A well-known and fairly typical example of Restoration comedy is Etherege’s The Man of Mode. John Dennis said of it, “Upon the first acting of this Comedy it was generally believed to be an agreeable Representation of the Person of Condition of both sexes, both in Court and Town.” [4] There is no certainty that the characters are meant to be real people. They reflect Etherege’s success in creating an image of contemporary Society which would be eagerly approved. The character Dorimant’s sexual ambition is a sustaining force in the comedy, but carries with it a threat of disorder. This is controlled in the first place by the Town which imposes its own decorum. To join a company at Lady Townley’s house, Dorimant has to resort to imposture. Character contrasts define and limit Dorimant’s role. Sir Fopling Flutter (yes, really!) provides the folly to contrast with Dorimant’s wit. Sir Fopling parodies many of Dorimant’s actions, showing their limitations and raising doubts as to their value.

Thomas Betterton played the irresistible Dorimant in 
George Etherege's Man of Mode. 

Witty conversation is the main test of social ‘fitness’. In Sir Martin Mar-All (Dryden) Millisent takes up with her husband’s servant because Sir Martin lacks wit. The finer characters inspire sympathetic laughter, but the comedies exhibit many foolish city wives, and doting and miserly city husbands who do not receive any sympathetic treatment. Supported as it was by the landed classes, Restoration drama was not at the forefront of social thinking and expressed only accepted ideas. The non-conformist mercantile community was not treated kindly.

So again, we find the dramatists meeting the demands of their patrons. The Royalist courtiers in the early years of the period remembered only too well the London Financiers’ support for the Commonwealth. Wycherley’s Alderman Gripe (Love in a Wood) was ‘seemingly precise, but a covetous, lecherous, old usurer of the City.’ Congreve, born ten years after the Restoration, continued this tradition with his Alderman Fondlewife (The Old Bachelor).

William Congreve

Naturally, Restoration comedy was not without its critics. Collier, an Anglican Stuart loyalist, believed the stage was conducive to sin. Wit came under attack; Blackmore considered it to be primarily ornamental. He saw the purpose of literature as the inculcation of religiosu and ethical principles. Both these men drew strong support from the merchant class. Most critics wanted to modify the treatment of the merchant in the theatre. [5]

These plays were not a literal copy of the life and manners of the age; the dramatists were presenting a picture of the smart set of the day not as it really was, but perhaps ridiculing how it liked to imagine itself. It is clear that this section of Society took no offence. The brilliance of the new court brought a new brilliance to the English stage. The expectations and demands of the audience were fulfilled. This audience was reacting against the Puritan days, and it saw plays which portrayed that reaction with a new carefree attitude. It saw its morality satirised, its way of life caricatured. Those who saw themselves treated unsympathetically were critical, the fashionable were enthusiastic.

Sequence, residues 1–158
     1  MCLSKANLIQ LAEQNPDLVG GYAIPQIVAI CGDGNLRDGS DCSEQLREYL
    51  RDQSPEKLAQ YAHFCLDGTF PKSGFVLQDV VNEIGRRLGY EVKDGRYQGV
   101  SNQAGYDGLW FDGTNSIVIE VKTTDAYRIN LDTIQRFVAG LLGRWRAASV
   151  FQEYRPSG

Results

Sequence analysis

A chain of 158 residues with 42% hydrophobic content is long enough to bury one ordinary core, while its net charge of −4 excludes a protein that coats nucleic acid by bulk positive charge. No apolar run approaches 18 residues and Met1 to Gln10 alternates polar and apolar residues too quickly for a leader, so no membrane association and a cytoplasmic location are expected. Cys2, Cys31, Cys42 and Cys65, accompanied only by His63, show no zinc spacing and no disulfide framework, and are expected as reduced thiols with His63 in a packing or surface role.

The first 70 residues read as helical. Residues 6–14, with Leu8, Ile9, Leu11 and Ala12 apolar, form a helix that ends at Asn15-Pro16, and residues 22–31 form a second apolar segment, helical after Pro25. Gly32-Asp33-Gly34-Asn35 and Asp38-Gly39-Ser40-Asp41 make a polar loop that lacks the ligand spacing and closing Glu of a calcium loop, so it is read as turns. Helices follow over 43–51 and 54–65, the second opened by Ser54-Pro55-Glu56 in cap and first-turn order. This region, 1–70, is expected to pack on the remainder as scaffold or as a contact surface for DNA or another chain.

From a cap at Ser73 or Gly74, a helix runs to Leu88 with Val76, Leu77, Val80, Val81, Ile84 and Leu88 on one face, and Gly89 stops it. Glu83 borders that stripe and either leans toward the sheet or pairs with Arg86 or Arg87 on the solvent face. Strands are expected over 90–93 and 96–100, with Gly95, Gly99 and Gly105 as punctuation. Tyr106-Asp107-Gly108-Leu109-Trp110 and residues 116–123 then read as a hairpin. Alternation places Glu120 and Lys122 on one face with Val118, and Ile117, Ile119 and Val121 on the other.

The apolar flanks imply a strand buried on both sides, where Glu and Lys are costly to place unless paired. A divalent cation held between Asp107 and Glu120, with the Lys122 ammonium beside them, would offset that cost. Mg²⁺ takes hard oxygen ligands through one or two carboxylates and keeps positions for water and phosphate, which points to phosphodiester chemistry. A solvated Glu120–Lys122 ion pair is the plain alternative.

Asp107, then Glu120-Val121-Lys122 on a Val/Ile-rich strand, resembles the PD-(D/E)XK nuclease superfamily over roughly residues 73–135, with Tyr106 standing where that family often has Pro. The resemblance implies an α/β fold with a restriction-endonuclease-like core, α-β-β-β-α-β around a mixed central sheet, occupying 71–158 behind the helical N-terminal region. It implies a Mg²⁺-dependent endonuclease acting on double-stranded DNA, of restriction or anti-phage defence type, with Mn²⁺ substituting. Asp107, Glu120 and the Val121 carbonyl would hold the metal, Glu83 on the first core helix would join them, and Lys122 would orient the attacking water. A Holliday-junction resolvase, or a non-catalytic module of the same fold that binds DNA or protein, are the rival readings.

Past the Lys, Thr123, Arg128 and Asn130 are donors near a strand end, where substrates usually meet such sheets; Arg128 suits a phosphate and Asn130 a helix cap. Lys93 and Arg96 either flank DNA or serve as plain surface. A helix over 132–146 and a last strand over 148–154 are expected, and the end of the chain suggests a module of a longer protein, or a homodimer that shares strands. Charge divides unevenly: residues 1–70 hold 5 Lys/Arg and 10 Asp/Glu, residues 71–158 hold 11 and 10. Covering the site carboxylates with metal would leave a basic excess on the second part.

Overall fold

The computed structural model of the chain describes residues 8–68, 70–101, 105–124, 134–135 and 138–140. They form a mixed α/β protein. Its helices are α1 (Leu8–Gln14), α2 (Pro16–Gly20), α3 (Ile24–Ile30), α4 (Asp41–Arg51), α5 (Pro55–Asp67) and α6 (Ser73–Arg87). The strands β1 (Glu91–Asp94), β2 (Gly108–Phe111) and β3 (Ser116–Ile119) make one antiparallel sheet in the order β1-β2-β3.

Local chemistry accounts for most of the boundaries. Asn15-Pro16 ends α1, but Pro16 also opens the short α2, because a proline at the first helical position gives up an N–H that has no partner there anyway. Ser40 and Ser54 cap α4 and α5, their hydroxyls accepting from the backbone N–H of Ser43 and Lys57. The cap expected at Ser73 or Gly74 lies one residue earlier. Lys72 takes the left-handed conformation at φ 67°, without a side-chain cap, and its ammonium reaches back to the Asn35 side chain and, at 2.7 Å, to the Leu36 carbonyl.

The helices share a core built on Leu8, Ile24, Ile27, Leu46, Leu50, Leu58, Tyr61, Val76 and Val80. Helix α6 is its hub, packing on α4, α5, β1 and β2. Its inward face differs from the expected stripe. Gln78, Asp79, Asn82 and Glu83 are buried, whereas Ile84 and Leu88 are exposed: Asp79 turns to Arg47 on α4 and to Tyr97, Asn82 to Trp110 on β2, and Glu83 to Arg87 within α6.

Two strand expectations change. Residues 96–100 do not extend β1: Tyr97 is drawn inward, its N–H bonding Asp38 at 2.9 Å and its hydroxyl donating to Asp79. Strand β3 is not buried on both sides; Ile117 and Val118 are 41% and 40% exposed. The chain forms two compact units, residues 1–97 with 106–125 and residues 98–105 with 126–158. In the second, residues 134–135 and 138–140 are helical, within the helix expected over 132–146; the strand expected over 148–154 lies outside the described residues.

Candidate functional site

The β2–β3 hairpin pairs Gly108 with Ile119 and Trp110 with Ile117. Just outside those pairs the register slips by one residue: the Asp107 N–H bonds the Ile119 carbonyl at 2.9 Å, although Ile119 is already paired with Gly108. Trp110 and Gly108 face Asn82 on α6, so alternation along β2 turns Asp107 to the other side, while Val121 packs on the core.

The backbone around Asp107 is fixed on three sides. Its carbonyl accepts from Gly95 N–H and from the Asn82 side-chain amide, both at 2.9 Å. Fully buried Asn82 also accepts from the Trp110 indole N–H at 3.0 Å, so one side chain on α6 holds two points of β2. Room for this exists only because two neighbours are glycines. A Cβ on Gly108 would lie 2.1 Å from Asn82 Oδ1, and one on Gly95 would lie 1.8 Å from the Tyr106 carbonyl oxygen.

Scene from Etherege's Love in a Tub

Restoration comedy was a product of its age. Playwrights were willing to satirise a Society of which they were a part. The audience was prepared to laugh at itself.

Restoration Society produced Restoration comedy, and this comedy was a reflection of that Society.

*Society with a capital S: the upper classes, essentially.
[1] Six Restoration Plays - Ed. John Harold Wilson
[2]English Literature of the Late Seventeenth Century
[3]The Social Mode of Restoration Comedy
[4] Dramatist d1734
[5] Sir Richard Blackmore - preface to Heroick (poem 1695) and Collier - ‘Short View of the Immorality and Profaneness of the English Stage’ 1698

Additional reading:
The Cambridge Companion to John Dryden
The Ornament of Action - Peter Holland
Comedy and Society from Congreve to Fielding - John Loftis

[All above images are in the public domain]


Annie Whitehead is a history graduate and prize-winning author. Her first novel, To Be A Queen, is the story of Aethelflaed, daughter of Alfred the Great, who came to be known as the Lady of the Mercians. It was long-listed for the Historical Novel Society’s Indie Book of the Year 2016, and it has been awarded a B.R.A.G. Gold Medallion.

Her second novel, Alvar the Kingmaker, is a tale of intrigue, deceit, politics, love, and murder in tenth-century Mercia. It charts the career of the earl who sacrificed personal happiness to secure the throne of England for King Edgar, and, later, Aethelred the Unready. It too has just been awarded a B.R.A.G. Gold Medallion.

Most recently, she has contributed to the anthology of short stories, 1066 Turned Upside Down, in which nine authors re-imagine the events of 1066, and which has just been awarded HNS Editors’ choice and long-listed for Book of the Year 2017.


  1. An excellent post! Thanks for sharing!

    1. Thanks - I love this period of history, although I've never desired to write any fiction set in this time. I love reading about it though :)

  2. Such a fascinating time in English history. I am glad to see that it's gaining more attention. English history beyond the Tudors.

  3. Really interesting article. Never really looked at this angle of 17th century comedy before.

  4. Wonderful post! (And huzzah for Restoration theatre in general!)